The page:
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About gramparsons

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  1. I like the Mazda 3 and VW Jetta (especially the TDI) better than the Corolla, from a style standpoint. Both of those cars look premium, where the Rolla says "economy car." Having said that, I steered away from the Jetta TDI in 03 (even though I REALLY LIKED the Jetta) because of the AWFUL quality reputation.
  2. Isn't it funny how things work in cycles? You sound like you're speaking of a GM car from the 70s. Folks are still very loyal to Honda and Toyota--and that doesn't help. They tend to give them a pass maybe more than GM or Ford owners, when we should demand quality from all of them. A friend of mine has a Tundra that left him stranded with very few miles on it--bad fuel pump. Said it's the first car he's ever had do that, and he won't buy another one. They're on top, and their getting lazy. I think the early 90s were the high water mark for Toyota and Honda in terms of quality. Cost cutting, increased model lineups, compressed engineering and production schedules--they all take a toll. On another note, you mentioned you bought a 2003. Never, ever, ever never ever, buy a first year model. I think that's probably why you're having so many problems. I don't even like buying a 2nd year model, but I needed a car. I think the 3rd and 4th years of a product cycle they'll have the production process nearly perfected, and a lot of bugs and defective components worked out.
  3. American (california I think). At around 70 or 80k I had a little shudder under braking, tried to convince my tire man I needed new brakes and rotors or have them turned, but he convinced me to wait. For some reason there's no more shudder . . must have worked itself out. Next time I go with a tire rotation I'll have him look again--I expect it's getting close. I thought mine was maintenance free--but yeah the corrosion was TERRIBLE.
  4. I have to give my C-Roll commuter some props. I've rolled over 111,111 miles, with ZERO defects. I haven't had to return it for a single warranty item even. I have the original brakes and rotors on there, which haven't been turned. I am on my second set of tires. That is a remarkable feat. The engine still runs like a top. Until recently I'd been doing 5k intervals with Mobil 1, but no longer feel that's cost effective, and have switched to Conventional at the same interval. There's still that low-speed 2nd gear shimmy that worried me to death when I first got it new . . but now I don't even think about it. Just one of those things. I don't drink the Toyota kool-aid. I think the quality reputation is overrated, a perception formed when Toyota built better cars. The Tundra has all kinds of problems, and the new Camry and Tundra are rated "below average" by consumer reports, who have just changed their policy to no longer recommend a Toyota just because it is a Toyota (didn't know they did that anyways). I also own an F150 (06) that's been perfect so far, and a Pilot (07) that's had a few warranty issues. I'm actually rooting for the domestics and hope they can make a comeback, because I genuinely believe they're making good stuff now, while the imports are falling off some, and things are more competitive than ever. Still, if I had it to do over again, I still think Toyota builds the best small car. As plain and hard to look at as mine is, it sure has delivered as promised. I'm hoping it'll go another 200k. EDIT: Unless you count excessive battery corrosion . . I haven't had a car this bad on battery posts in 20 years. Had to replace the battery and part of the wiring . .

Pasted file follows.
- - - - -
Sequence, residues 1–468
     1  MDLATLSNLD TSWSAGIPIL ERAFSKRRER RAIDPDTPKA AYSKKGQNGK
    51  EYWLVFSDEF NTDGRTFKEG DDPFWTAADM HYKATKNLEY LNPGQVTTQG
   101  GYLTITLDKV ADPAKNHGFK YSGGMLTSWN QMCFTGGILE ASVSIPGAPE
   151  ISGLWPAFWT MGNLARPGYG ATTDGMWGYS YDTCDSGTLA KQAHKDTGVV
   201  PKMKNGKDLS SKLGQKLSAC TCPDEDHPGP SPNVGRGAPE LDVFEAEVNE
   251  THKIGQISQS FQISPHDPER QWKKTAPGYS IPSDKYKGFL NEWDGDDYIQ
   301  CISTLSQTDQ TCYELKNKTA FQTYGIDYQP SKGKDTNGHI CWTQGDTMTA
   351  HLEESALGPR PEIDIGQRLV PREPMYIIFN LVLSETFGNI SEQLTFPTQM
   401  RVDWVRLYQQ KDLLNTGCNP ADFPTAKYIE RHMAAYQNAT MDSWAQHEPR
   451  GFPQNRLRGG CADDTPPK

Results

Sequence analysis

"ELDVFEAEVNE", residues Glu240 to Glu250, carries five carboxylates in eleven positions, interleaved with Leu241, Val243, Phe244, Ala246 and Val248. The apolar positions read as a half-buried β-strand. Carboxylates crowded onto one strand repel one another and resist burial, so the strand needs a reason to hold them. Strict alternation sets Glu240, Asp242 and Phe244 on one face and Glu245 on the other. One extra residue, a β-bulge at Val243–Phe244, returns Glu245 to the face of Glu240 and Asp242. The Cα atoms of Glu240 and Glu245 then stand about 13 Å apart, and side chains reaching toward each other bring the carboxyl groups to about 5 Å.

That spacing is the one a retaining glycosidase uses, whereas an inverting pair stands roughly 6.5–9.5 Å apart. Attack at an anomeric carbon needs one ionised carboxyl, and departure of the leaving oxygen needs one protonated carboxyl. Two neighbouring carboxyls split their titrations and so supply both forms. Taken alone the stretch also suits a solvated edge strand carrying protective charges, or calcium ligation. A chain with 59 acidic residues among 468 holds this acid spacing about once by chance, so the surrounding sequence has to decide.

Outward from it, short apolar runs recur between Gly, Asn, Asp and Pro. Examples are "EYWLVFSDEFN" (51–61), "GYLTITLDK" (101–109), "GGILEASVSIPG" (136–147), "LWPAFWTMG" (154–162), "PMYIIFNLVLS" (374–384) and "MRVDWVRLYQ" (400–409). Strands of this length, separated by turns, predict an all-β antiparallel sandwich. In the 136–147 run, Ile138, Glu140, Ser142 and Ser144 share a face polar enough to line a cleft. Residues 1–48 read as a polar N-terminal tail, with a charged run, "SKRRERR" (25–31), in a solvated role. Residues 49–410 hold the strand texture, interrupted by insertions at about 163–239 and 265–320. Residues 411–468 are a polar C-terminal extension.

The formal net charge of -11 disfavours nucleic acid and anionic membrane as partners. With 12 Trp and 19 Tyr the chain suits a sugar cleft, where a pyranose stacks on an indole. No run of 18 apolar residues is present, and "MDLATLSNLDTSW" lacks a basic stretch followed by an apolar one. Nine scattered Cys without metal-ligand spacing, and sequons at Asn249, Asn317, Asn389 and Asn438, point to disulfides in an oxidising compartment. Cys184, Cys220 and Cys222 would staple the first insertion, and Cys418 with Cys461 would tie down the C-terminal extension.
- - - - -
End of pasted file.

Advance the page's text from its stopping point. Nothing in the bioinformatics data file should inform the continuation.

5. I prefer the exterior styling of the Focus. Crisp, proportional, unpretentious. Having said that, I bought the Corolla--refinement, economy, value, etc. They don't look anything alike, IMO.
  6. We have an '04 Corolla and an '01 Honda Odyssey. I like the Civic. A lot. But we've had problems with our Honda. Replaced steering pump. Looks like we're going to need a new transmission (per the dealer). Luckily, I have an exended warranty. But a busted power steering pump and transmission at under 60k? Please. That level of suckness reaches the worst of what Detroit used to offer. For me, the shine is definitely off of Honda for me. Almost across the board I'd prefer the Honda to the Toyota (Accord to Camry, Civic to Corolla, Odyssey to Sienna, and Pilot to Highlander), but for my money I think I'll stick with Toyota.
  7. Someone mentioned the Toyota being easier to work on . . . . just looking at the space available in my engine compartment, and comparing that to the cram-job of the pictures I've seen of the new Civic, I'd say working on that thing will be a comparative nightmare. But I'd still pick the Civic in its second model year.
  8. This is my own home-grown theory, but it works for me. I think the smell is mold/mildew. When you turn your car off with the AC running, the coils (or whatever) are still very very cold. Since there's no air blowing over them, they condense. This moisture leads to the mold/mildew smell. The solution? Turn your A/C off right before you get to your destination. Don't make yourself uncomfortable, but you should be able to time it where it's still cool in the car but the regular outside air has had time to warm the coils up a bit to reduce the condensation. Seems to work for me. I don't have that smell any more. I'm sure someone who actually understands Air Conditioning is liable to call me out on this--please correct me if I'm wrong.